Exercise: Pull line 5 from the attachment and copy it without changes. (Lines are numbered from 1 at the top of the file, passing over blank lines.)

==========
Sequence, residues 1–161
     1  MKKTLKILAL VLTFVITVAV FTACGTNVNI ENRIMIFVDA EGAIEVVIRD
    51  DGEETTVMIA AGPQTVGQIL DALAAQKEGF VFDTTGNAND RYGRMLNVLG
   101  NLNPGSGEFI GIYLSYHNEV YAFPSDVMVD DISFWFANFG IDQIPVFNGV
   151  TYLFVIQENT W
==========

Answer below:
   151  TYLFVIQENT W